Almost 60 years ago, Jane Jacobs (1961) presented a view that the construction of cities occurred through diverse and self-organising communities, one that jarred with the techno-rational systems world of professional and governmental bodies.
Today, citizens and planners are still trying to reconcile the role of digital technology in aiding citizen-planner communication since citizens were given increased weight in decision making.
To understand how technology might support engaging people in placeshaping, researchers at Open Lab developed a technology named JigsAudio.
JigsAudio is an open-source device that encourages people to express themselves creatively through drawing and talking, exploring how the technology might create new and novel methods of participating with the formal planning process.
After deploying the device with over 1,500 people, we consider the potential of JigsAudio, both conceptually and practically, within urban and regional change, and considers the balance that needs to be struck between utilising smart technology whilst creating accessible and meaningful opportunities that inspire citizens.
JigsAudio was deployed to encourage participation across projects such as the future of the Tyne and Wear Metro, citizens’ views on the use and management of green spaces in the city, and events held by Seven Stories, the National Centre for Children’s Books in Newcastle upon Tyne, UK.
How it works
Participants are encouraged to draw on a large card or wooden jigsaw piece with an electronic tag on the back. The JigsAudio device reads a radio-frequency identification (RFID) tag (similar to those used in contactless bank cards).
The participant then records an audio clip (by pressing the record button) that is associated with their jigsaw piece and the piece is then placed within the jigsaw. The device contains a Raspberry Pi (a bank card-sized computer), an RFID scanner and a microphone.
JigsAudio was designed for relative ease of use and had one button. Following the deployment, the jigsaw pieces were digitised and displayed alongside audio content on the website. The jigsaws were displayed online in the same arrangement as they were laid-out physically.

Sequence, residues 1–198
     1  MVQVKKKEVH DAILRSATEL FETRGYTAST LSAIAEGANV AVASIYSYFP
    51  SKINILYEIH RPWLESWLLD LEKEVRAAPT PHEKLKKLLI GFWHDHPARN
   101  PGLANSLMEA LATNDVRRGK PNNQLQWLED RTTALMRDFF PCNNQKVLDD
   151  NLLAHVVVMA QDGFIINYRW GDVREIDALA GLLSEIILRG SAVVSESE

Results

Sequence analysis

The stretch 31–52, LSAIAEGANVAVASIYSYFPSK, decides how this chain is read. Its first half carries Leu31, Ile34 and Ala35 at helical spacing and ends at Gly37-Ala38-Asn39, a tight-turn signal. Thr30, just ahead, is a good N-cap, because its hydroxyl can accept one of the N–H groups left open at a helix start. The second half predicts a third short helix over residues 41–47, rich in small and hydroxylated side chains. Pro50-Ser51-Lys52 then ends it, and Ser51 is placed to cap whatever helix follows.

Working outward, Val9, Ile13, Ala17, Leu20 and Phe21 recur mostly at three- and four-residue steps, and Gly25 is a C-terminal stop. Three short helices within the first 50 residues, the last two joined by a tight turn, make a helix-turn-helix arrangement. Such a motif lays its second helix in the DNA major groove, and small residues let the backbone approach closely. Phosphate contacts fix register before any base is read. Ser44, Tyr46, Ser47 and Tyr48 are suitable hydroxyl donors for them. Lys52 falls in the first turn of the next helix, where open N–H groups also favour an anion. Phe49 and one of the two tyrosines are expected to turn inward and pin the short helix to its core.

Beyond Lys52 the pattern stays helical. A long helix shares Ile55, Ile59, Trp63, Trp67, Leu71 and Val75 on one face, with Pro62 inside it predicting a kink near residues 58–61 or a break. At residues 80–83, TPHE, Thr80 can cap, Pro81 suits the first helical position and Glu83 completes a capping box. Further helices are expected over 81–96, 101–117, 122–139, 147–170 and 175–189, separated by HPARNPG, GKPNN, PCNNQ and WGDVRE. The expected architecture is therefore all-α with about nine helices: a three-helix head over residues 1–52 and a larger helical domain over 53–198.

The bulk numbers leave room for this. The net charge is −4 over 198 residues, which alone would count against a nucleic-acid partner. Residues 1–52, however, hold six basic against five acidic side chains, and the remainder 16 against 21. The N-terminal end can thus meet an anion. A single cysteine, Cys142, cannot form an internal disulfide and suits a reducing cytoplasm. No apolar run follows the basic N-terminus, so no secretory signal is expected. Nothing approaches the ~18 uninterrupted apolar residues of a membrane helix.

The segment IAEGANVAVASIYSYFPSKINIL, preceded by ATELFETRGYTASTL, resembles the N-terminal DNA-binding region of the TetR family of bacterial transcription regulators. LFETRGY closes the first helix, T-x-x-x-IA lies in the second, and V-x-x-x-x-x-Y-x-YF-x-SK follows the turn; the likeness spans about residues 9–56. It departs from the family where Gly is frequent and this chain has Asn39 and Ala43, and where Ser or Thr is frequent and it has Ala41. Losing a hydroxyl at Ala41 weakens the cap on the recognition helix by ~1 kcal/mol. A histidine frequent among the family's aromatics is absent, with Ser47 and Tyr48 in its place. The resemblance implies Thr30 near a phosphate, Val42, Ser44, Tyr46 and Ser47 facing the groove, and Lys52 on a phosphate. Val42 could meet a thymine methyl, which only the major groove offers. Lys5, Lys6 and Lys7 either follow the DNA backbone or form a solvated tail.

A decision was taken to make the design and code for JigsAudio open source, with instructions for people to make their own JigsAudio device and generate their own webpages.
It was found that drawing and talking was effective at getting people to communicate elaborate visions that might not be easily expressed through a single medium. There was an opportunity for creativity and expressiveness in people drawing and discussing their feelings and, by combining drawing and audio, a rich story behind each image was formed.
The initial low-tech appearance of the activity encouraged engagement with JigsAudio. Upon first viewing, participants would see other participants’ drawings, draw their own image and use JigsAudio later in the process. By introducing people to something that appears to be low-tech, the barriers to using technology were reduced. Technology was introduced after participants had completed their drawing, rather than them being immediately confronted with it.
Physicality of the Device
The physicality of the technology generated interest in the activity, and encouraged participation. These images formed a makeshift exhibition that further encouraged people to view, comment on and create their own pieces.
Combining Digital & Non-Digital
Through the combination of digital and non-digital, JigsAudio aided understanding of how the two might be used to encourage and enhance participation in planning. It created a way for people to use familiar methods in putting their thoughts across whilst not being required to use something that they would generally consider a computer.
Future directions for this work
Looking ahead at the possibility of further research and conceptualisation, increased attention should be placed on how digital technology can facilitate different and changing types of responses from people.
JigsAudio demonstrated that alternative forms of technologies, that are not screen-based, can help elicit view from people that current technologies struggle with.
Future work will involve understanding how the view put forward through the technology can be analysed and used within planning, and how community groups might make their own devices.
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Gabber is a digital platform designed by Open Lab to make capturing and analysis of audio recordings lightweight and accessible for everyday people and organisations.